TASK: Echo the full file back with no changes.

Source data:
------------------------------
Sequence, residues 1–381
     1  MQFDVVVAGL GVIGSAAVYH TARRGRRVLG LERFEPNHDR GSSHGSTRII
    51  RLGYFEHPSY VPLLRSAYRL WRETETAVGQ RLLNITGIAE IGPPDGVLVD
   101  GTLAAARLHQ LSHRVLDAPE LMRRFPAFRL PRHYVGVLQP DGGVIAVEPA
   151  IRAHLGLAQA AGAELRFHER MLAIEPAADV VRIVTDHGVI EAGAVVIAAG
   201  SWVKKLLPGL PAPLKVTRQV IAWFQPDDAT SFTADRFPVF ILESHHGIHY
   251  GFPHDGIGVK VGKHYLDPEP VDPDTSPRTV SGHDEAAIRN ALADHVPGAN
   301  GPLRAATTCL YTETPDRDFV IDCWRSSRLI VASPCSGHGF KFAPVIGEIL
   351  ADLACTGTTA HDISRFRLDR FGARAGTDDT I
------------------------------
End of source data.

Sequence, residues 1–381
     1  MQFDVVVAGL GVIGSAAVYH TARRGRRVLG LERFEPNHDR GSSHGSTRII
    51  RLGYFEHPSY VPLLRSAYRL WRETETAVGQ RLLNITGIAE IGPPDGVLVD
   101  GTLAAARLHQ LSHRVLDAPE LMRRFPAFRL PRHYVGVLQP DGGVIAVEPA
   151  IRAHLGLAQA AGAELRFHER MLAIEPAADV VRIVTDHGVI EAGAVVIAAG
   201  SWVKKLLPGL PAPLKVTRQV IAWFQPDDAT SFTADRFPVF ILESHHGIHY
   251  GFPHDGIGVK VGKHYLDPEP VDPDTSPRTV SGHDEAAIRN ALADHVPGAN
   301  GPLRAATTCL YTETPDRDFV IDCWRSSRLI VASPCSGHGF KFAPVIGEIL
   351  ADLACTGTTA HDISRFRLDR FGARAGTDDT I